Conflict & Resilience Monitor

The Mozambique insurgents are not faceless

1 Dec 2021

ACCORD COVID-19 Conflict & Resilience Monitor
Photo: Oaquim Nhamirre/AFP via Getty Images

Since October 2017, an insurgency emerged in Mozambique's northernmost province of Cabo Delgado, resulting in numerous terrorist attacks, claiming nearly 3,000 lives, and displacing some 800,000 people since 2020. In addition to the current military reprisals, a more comprehensive approach should recognise both the fact that the insurgents are the “sons of Mocímboa da Praia” and that at a certain point in time, they became radicalised and turned towards violent extremism.

The timing of the COVID-19 pandemic has placed Mozambique in a situation where both citizens and the state need to rapidly develop resilience skills and coping mechanisms. Cyclones Idai and Kenneth struck in 2019 leaving roughly 2.2 million Mozambicans in need of humanitarian aid, which further contributed to the hardships experienced by people. The cyclones destroyed many houses, schools, and crops, displacing thousands of Mozambicans and putting their livelihoods in danger. Furthermore, since October 2017, an insurgency emerged in Mozambique’s northernmost province of Cabo Delgado, resulting in numerous terrorist attacks, claiming nearly 3,000 lives, and displacing some 800,000 people since 2020. The insurgency threatens the development of a $60 billion natural gas project, which had significantly increased economic prospects for the country and the province of Cabo Delgado. ‘

Despite these challenges, it has become quite clear and agreed upon by researchers that the insurgents are the marginalised and dissatisfied youth of the underdeveloped “Cabo Esquecido” (Forgotten Cape).

Given the pre-existing vulnerabilities of Cabo Delgado, such as rampant poverty and rising inequalities, the COVID-19 pandemic has also exacerbated the difficulty for both the Mozambican state and for non-governmental organisations to maintain and create peacebuilding efforts. The limitations to an ongoing peacebuilding approach has contributed to seeking alternative solutions in response to the growing insurgency. Indeed, in the face of violent attacks orchestrated by extremist groups, the Mozambican state has adopted an approach some view as a wholly militarised approach. Some observers have identified that the Mozambican authorities first resorted to establishing a regional military command in the province and negotiating security arrangements with Tanzania, the Democratic Republic of Congo (DRC), and Uganda. Using this military command, the Mozambican authorities systematically shut down mosques accused of promoting radical ideologies, arrested presumed violent extremists, and adopted new anti-terrorism legislation.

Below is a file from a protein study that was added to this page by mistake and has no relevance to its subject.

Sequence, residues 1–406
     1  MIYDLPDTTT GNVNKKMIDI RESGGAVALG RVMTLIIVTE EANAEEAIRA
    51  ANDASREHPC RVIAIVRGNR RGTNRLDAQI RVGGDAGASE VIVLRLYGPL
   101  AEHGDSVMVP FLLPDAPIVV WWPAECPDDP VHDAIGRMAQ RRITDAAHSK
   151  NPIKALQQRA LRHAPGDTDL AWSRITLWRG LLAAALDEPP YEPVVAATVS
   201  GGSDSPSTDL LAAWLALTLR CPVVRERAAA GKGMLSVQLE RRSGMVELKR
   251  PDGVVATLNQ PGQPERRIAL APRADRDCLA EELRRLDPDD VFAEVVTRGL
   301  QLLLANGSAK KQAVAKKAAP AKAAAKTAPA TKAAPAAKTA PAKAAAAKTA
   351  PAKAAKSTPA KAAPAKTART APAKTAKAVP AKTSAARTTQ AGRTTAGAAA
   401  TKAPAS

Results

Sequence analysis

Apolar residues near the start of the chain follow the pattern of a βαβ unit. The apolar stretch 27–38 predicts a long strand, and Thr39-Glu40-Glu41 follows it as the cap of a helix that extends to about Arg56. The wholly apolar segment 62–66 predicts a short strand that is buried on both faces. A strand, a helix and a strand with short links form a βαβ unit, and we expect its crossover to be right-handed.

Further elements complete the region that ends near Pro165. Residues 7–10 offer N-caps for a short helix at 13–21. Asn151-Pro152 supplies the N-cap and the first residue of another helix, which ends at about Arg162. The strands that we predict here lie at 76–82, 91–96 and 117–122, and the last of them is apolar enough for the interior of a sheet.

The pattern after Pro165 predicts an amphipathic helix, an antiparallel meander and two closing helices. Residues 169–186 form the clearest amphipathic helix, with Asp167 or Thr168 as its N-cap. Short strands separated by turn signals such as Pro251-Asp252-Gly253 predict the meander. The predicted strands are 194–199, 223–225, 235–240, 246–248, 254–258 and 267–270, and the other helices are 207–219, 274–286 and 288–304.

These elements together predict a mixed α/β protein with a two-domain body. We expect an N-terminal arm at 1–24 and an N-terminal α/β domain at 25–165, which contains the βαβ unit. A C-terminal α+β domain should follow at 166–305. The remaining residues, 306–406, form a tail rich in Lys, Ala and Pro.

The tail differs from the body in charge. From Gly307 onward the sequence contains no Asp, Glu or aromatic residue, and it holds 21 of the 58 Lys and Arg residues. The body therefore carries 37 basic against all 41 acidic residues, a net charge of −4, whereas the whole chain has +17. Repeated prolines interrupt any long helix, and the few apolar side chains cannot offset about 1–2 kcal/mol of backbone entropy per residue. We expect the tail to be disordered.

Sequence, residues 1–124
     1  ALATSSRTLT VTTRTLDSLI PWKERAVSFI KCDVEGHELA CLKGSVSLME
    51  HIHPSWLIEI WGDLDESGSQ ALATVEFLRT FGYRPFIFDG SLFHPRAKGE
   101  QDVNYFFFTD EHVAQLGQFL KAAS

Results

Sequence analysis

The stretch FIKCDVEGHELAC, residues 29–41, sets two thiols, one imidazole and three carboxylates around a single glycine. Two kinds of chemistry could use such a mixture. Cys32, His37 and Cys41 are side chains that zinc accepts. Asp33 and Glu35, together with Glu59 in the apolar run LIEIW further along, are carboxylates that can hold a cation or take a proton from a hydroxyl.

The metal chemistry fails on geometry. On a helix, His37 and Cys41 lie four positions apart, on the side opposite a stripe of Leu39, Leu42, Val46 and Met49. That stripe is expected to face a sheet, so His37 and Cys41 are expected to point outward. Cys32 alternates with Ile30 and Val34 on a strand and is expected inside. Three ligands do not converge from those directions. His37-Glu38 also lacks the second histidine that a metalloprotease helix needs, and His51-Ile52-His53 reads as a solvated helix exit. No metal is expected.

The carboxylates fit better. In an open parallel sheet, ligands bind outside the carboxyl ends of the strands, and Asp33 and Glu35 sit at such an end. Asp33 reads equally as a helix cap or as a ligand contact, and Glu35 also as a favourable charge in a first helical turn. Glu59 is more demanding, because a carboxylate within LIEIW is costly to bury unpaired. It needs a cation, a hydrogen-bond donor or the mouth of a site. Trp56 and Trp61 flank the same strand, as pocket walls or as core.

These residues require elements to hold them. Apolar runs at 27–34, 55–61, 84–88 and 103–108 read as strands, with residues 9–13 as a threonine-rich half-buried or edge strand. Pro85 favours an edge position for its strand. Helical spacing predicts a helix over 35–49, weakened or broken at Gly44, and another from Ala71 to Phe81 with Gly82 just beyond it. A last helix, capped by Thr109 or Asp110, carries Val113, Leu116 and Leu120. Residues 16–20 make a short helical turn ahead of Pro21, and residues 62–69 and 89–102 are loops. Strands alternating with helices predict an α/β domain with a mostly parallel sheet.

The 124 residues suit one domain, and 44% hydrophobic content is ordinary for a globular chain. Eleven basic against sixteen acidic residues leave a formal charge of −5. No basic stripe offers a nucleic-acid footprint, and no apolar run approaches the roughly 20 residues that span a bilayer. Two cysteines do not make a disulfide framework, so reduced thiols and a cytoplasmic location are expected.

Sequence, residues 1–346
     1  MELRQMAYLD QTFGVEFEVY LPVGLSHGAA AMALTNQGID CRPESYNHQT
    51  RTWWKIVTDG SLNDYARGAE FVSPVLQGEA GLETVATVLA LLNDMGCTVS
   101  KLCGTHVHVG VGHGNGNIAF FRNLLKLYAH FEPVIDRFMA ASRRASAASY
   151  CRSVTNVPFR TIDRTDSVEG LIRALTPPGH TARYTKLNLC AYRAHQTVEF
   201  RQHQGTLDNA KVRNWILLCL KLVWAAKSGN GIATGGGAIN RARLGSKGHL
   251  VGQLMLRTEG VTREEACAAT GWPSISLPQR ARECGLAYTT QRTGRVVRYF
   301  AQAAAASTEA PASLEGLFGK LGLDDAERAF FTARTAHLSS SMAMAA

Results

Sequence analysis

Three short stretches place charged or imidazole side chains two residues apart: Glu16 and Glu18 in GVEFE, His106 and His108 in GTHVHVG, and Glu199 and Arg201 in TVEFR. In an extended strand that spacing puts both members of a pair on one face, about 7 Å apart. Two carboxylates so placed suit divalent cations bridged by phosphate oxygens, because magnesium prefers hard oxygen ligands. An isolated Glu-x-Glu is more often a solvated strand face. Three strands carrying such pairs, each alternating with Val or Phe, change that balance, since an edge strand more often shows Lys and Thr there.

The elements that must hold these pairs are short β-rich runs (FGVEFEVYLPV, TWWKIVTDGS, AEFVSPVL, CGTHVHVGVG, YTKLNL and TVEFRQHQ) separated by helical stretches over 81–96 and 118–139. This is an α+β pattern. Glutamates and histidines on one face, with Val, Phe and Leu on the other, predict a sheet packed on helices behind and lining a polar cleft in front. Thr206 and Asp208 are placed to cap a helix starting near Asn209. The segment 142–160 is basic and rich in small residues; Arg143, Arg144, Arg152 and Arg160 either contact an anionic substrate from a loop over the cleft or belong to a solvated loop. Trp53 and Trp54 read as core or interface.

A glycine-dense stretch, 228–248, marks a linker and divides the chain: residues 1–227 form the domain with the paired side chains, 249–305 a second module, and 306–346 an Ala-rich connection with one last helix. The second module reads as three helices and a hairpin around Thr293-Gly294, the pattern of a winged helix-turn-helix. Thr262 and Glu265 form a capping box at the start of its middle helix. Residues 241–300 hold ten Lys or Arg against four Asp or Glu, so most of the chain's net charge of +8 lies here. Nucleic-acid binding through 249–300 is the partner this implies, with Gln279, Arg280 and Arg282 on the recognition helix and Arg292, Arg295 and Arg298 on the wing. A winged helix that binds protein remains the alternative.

In September 2019, realising that the insurgency was persisting and that the Mozambican Defence Armed Forces (FADM – Forças Armadas de Defesa de Moçambique) were not making significant advances, the Mozambican President Filipe Nyusi turned to the Russian private military company Wagner Group and later to the South African, Dyck Advisory Group (DAG). The private military companies also proved to be ineffective in stemming the insurgency. President Nyusi then turned to Kigali, leading to an agreement with Paul Kagamé, which saw the deployment of 1000 Rwandan soldiers in July 2021. In addition, on 9 August 2021, the Southern African Development Community (SADC) Mission in Mozambique (SAMIM), composed of troops and military equipment from Angola, Botswana, Lesotho, South Africa and Tanzania was formed and deployed to Cabo Delgado to assist the Mozambican and Rwandan forces.